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THE SPIRIT IS BACK
TIM LAYDEN
February 22, 2010
After a somber start the Olympics were revitalized by the action on the slopes. Downhiller Bode Miller and snowboardcross ace Seth Wescott rode the wave
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February 22, 2010

The Spirit Is Back

After a somber start the Olympics were revitalized by the action on the slopes. Downhiller Bode Miller and snowboardcross ace Seth Wescott rode the wave

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The Olympics are a search for spirit. It was this way in the beginning and remains that way through everything that the Games have become, for better and for worse. Through soaring television rights and corporatization run wild. Through bid bribery and steroid scandal. Through Tonya-Nancy and corrupt skating judges. Through Munich and Atlanta. Sometimes that search is as simple as seeing joy in young faces on a hockey rink in Lake Placid and sometimes it is much harder to find meaning beneath the medals. But always the search must be undertaken or the Olympics become just another game, and we have plenty of those already.

The 21st Winter Olympics opened last Friday in Vancouver, and the search began anew. Wayne Gretzky rode in the bed of a truck through city streets—where were the bright orange vest and the deer rifle?—to light the outdoor flame. Canada won a gold medal on Day 3, its first in three Games on native soil. A familiar energy built across the host city, the first impassioned strides in a two-week sprint that will leave the natives exhausted.

But these Olympics had not made themselves easy to fully embrace, especially in the mountains 75 miles north of Vancouver, where the ski town of Whistler will host more than half the 15 sports. Leading up to the Games steady rains fell on warm hillsides, making prophets of those who warned of fickle conditions. ("Is anybody talking about the weather?" asked former U.S. Olympian Jonna Mendes, ominously, in December, when few were.) The schedule was reconfigured and volunteers were deployed to repair the scarred slopes.

The presumptive star of the Games, Lindsey Vonn, disclosed a serious shin injury two days before they began, leaving her participation at the whim of therapy and weather delays (both of which were ultimately delivered).

Finally, and so much worse, when it seemed the Olympics had been simply inconvenienced, they were shocked. Georgian luger Nodar Kumaritashvili, 21, was killed in a training crash hours before the opening ceremonies. "Last night," said Latvian luger Martins Rubenis on the day after his friend's death, "I had pretty much an empty space in my heart." The spirit was lost, the Games were on their knees.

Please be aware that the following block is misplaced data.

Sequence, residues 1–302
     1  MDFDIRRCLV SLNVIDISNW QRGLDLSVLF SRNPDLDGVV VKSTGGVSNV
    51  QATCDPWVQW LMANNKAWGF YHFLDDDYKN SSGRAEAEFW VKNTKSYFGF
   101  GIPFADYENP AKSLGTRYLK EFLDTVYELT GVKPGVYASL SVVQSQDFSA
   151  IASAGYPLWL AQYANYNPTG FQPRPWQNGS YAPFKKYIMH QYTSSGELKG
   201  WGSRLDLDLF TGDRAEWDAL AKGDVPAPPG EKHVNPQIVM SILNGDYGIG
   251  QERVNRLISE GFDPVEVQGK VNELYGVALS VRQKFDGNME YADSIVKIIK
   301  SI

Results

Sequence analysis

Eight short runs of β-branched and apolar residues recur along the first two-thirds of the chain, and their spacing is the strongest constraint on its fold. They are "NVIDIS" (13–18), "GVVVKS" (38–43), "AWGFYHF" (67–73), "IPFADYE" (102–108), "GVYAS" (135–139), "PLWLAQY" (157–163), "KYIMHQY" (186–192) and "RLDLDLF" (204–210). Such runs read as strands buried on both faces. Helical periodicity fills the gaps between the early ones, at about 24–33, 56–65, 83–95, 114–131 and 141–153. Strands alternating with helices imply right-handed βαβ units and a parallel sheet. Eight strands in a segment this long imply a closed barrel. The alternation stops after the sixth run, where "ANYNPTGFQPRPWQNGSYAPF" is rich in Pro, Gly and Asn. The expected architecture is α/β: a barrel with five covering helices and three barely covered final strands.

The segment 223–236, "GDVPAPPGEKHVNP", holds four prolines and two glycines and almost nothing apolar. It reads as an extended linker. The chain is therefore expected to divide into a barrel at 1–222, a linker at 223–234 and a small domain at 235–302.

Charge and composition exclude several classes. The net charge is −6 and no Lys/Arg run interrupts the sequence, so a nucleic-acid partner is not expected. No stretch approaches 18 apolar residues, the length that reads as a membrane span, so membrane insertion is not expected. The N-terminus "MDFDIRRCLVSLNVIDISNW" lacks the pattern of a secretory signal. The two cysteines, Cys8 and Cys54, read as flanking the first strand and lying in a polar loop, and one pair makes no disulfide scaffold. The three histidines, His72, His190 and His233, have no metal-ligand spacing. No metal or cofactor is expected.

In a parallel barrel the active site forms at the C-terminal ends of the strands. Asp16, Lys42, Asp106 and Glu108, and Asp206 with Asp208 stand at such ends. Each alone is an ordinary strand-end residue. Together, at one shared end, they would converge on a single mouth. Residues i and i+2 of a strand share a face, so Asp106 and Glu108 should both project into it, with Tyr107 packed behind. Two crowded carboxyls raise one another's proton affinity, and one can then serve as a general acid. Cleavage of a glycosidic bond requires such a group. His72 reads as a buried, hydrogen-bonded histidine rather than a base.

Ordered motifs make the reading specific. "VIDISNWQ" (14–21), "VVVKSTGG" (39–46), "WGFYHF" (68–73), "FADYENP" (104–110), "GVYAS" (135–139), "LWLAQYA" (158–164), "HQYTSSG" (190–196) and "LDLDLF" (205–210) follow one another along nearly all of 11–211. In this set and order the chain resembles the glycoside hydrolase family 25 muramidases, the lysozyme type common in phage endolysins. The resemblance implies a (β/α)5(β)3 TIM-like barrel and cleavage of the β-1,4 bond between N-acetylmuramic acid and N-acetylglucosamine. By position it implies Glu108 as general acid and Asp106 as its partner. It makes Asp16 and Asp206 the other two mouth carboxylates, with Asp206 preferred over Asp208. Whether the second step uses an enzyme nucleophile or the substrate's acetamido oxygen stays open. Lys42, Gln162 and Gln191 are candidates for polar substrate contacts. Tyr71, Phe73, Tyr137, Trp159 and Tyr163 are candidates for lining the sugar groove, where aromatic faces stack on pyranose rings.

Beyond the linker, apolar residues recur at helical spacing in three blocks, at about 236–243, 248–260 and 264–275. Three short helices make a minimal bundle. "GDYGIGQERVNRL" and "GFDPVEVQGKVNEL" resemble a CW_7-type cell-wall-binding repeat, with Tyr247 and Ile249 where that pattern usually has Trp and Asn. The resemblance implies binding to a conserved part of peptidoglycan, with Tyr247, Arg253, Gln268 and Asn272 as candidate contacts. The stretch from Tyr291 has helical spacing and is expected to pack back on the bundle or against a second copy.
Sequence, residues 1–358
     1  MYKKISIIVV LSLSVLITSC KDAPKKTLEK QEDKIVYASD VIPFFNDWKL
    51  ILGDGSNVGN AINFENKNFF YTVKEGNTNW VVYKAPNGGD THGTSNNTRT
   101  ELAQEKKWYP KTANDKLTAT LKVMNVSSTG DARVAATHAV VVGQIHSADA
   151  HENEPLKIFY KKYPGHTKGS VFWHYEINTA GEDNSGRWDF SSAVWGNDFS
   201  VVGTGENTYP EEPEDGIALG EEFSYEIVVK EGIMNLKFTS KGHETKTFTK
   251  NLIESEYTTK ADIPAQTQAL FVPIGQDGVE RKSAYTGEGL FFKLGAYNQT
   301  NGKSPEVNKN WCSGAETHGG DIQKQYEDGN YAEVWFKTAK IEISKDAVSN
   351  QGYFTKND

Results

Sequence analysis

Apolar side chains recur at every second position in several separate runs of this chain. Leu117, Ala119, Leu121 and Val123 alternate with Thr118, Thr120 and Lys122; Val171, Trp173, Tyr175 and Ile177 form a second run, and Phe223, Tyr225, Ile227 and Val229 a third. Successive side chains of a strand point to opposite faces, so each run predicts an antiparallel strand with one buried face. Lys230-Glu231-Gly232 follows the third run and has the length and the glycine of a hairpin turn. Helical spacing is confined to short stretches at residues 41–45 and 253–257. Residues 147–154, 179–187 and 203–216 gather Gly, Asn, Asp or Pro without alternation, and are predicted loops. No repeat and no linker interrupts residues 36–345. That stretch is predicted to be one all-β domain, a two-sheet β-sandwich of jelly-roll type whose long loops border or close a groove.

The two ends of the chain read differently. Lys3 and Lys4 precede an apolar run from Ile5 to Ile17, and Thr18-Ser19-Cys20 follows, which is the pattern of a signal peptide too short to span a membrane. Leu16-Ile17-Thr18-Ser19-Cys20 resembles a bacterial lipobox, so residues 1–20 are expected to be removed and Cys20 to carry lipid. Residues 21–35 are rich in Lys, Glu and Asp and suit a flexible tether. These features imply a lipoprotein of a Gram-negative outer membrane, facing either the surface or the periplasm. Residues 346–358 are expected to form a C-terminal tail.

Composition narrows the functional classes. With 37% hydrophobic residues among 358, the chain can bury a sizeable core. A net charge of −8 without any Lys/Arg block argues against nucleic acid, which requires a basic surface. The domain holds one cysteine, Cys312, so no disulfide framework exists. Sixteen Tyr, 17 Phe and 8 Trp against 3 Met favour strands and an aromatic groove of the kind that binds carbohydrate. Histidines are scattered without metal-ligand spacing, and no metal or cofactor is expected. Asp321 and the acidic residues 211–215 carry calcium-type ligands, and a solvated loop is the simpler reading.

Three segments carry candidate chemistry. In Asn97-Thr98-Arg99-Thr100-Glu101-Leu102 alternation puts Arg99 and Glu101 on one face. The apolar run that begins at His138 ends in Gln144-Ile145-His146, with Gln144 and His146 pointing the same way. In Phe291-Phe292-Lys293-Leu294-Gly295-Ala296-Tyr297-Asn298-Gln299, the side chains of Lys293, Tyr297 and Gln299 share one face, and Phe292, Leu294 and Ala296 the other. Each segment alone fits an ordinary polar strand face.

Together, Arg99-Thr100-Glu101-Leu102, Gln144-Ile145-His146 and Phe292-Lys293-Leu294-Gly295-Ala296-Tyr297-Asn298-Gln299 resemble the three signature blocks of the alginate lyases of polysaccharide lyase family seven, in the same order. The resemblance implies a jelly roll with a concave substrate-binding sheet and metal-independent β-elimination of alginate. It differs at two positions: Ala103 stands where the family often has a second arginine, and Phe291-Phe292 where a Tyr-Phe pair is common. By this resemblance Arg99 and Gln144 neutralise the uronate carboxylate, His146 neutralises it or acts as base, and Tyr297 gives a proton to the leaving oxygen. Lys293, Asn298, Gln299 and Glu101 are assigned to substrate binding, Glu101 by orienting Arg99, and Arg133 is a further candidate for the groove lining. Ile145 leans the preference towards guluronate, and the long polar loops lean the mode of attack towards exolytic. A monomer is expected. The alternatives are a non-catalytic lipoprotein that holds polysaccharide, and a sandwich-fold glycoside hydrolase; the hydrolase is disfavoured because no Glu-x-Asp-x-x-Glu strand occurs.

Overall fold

Yet here is where the Olympics find their way. They go on, the athletes honoring the fallen by competing. The sun appeared on Sunday afternoon, not long before the final two runs of the four-run men's singles luge were contested. Kumaritashvili's memory was in the air, yet his peers raced with passion and joy.

On Monday morning it was the gifted and enigmatic Bode Miller who embraced the restorative powers of the Games by taking the bronze in the men's downhill, becoming the first U.S. ski racer to win three Olympic medals. (He won two silvers in 2002.) And a few hours later, Miller's countryman Seth Wescott defended his snowboardcross title in dramatic fashion.

Four years ago Miller left the Turin Games in a storm of criticism. He had not only failed to medal in five events as the defending World Cup overall champion but also had brazenly partied long and hard as if the Olympics were of no special significance. Then he was bitter and resentful of scrutiny and hype. Now he seems to have rediscovered the joy of competition that made him great in the first place. "You could feel the nervous energy—it was clear that this was not a World Cup [race]," Miller said after winning his bronze. "It was cool for me. That was the feeling I was searching for."

On the night before the downhill, which had twice been delayed by bad weather, Miller went to dinner with a group of friends at a sushi restaurant in Whistler Village. Normally placid even on the nights before big races, Miller was a bundle of energy. "He kept saying, 'I have to win this, I have to win this,'" said Curtis Graham, a Nike executive and close friend of Miller's. "He was going crazy trying to decide which skis to run. He was totally different than I've ever seen him before."

Miller drew bib number 8, meaning that he would start eighth in the field of 64, which was perceived to be an advantage because the fragile course would probably deteriorate quickly. But the skies were overcast, balancing out any edge provided by the hard snow. "Dark and bumpy" was the message conveyed to the start house by U.S. racer Andrew Weibrecht, who went down four places in front of Miller.

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